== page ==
“South By” is a week-long music & film festival with over 2,000 bands and dozens of movie premiers from all over the world, as well as a fairly new SXSW Interactive segment for web, mobile and social app developers. Downtown Austin is closed to traffic all week and mobbed by an entirely different and very creative, live-fast, party-hard, and die-young species that thrives on alcohol, energy drinks and a high-energy vibe that can over stimulate older people. Bloomberg described it as “Woodstock for Geeks.”
Making traffic and parking even worse, Austin holds its annual rodeo during the same week. So each year I avoid the mess and have never attended even the tech conference, although it is credited for launching Twitter, Foursquare and other web hits and might normally have been interesting to me.
I just found the whole thing too loud, wild and geeky, and with way too much purple hair, tattoos & body piercings for my taste. But this year was different. Some of its attention shifted to Health, and that’s why I was there with Knowbility, taking the Metro Rail from near home to avoid traffic and parking hassles.
A New Look at Web Design (new for me anyway)
Universal access to education, jobs, government and society today means going online on the Internet, but imagine what it’s like for someone who’s blind, has severely limited vision, has some other disability that makes access difficult, or where English is not their primary language. I sat down with a blind person to get a critique of Modern Health Talk and listen to the text read aloud with JAWS screening reading software.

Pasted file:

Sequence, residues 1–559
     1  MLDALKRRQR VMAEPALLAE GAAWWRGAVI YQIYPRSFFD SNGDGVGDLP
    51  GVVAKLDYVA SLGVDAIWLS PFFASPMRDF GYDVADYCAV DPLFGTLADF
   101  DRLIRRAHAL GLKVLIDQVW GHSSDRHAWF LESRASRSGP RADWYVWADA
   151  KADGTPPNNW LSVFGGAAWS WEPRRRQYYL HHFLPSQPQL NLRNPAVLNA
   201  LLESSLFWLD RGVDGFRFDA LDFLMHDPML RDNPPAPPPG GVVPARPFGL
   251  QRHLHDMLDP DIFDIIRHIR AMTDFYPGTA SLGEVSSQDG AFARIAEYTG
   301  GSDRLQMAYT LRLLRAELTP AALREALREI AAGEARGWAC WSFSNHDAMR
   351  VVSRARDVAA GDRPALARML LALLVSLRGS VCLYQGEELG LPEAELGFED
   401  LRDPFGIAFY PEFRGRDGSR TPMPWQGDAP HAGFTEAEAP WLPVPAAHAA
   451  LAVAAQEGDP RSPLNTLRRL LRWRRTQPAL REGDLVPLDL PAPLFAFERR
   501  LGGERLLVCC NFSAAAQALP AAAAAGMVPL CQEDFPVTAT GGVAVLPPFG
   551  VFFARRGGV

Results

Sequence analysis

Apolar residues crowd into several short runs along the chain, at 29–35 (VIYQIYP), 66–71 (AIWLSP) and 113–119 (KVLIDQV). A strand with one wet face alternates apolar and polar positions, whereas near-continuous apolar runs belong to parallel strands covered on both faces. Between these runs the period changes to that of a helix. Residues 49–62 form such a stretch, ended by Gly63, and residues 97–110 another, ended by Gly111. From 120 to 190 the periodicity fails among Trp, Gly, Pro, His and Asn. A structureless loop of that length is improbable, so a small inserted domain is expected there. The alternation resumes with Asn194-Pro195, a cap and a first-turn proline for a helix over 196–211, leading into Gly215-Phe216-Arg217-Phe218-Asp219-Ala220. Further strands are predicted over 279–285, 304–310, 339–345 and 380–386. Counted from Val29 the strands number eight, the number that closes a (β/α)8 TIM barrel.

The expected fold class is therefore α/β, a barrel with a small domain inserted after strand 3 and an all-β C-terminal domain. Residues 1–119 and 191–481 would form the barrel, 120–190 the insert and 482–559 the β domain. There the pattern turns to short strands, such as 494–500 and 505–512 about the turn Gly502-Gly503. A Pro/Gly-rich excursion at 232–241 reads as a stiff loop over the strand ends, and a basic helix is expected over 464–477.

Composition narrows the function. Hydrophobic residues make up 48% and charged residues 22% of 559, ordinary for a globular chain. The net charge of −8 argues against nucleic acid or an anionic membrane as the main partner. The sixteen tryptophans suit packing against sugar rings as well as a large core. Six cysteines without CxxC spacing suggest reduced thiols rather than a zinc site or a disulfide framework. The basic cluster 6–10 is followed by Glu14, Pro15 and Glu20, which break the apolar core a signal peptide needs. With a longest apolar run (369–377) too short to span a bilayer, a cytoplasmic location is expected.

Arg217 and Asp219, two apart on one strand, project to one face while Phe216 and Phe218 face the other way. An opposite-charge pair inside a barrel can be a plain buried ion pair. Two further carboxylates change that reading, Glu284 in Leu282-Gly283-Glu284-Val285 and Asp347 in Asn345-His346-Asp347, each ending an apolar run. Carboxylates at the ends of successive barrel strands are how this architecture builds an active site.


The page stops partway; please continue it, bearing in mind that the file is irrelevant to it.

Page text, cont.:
By David Lee Scher, MD
A draft proposal of the FDA guidelines for regulating mobile medical applications was released in July, 2011 . In response, the mHealth Regulatory Coalition sent detailed comments on the proposal . There was a recent piece in the Washington Times “The FDA’s Assault on Mobile Technologies” which, in my opinion, was misguided. No one in the healthcare industry (pharmaceutical, medical device, or technology) is enamored with the FDA. They recently drastically raised review fees for device companies and slow down approval processes more year after year. Between 2005 and 2008, the FDA clearance process time increased 30%, and has continually increased, notwithstanding increased funding and staffing levels. Regardless of its procedural faults, I will attempt to lay out my reasons why this regulatory body needs to oversee digital health technologies. This article should not be seen as a blanket endorsement of the FDA’s specific operational processes and policies, but as a rebuttal to the claim that it is assaulting the mobile health industry.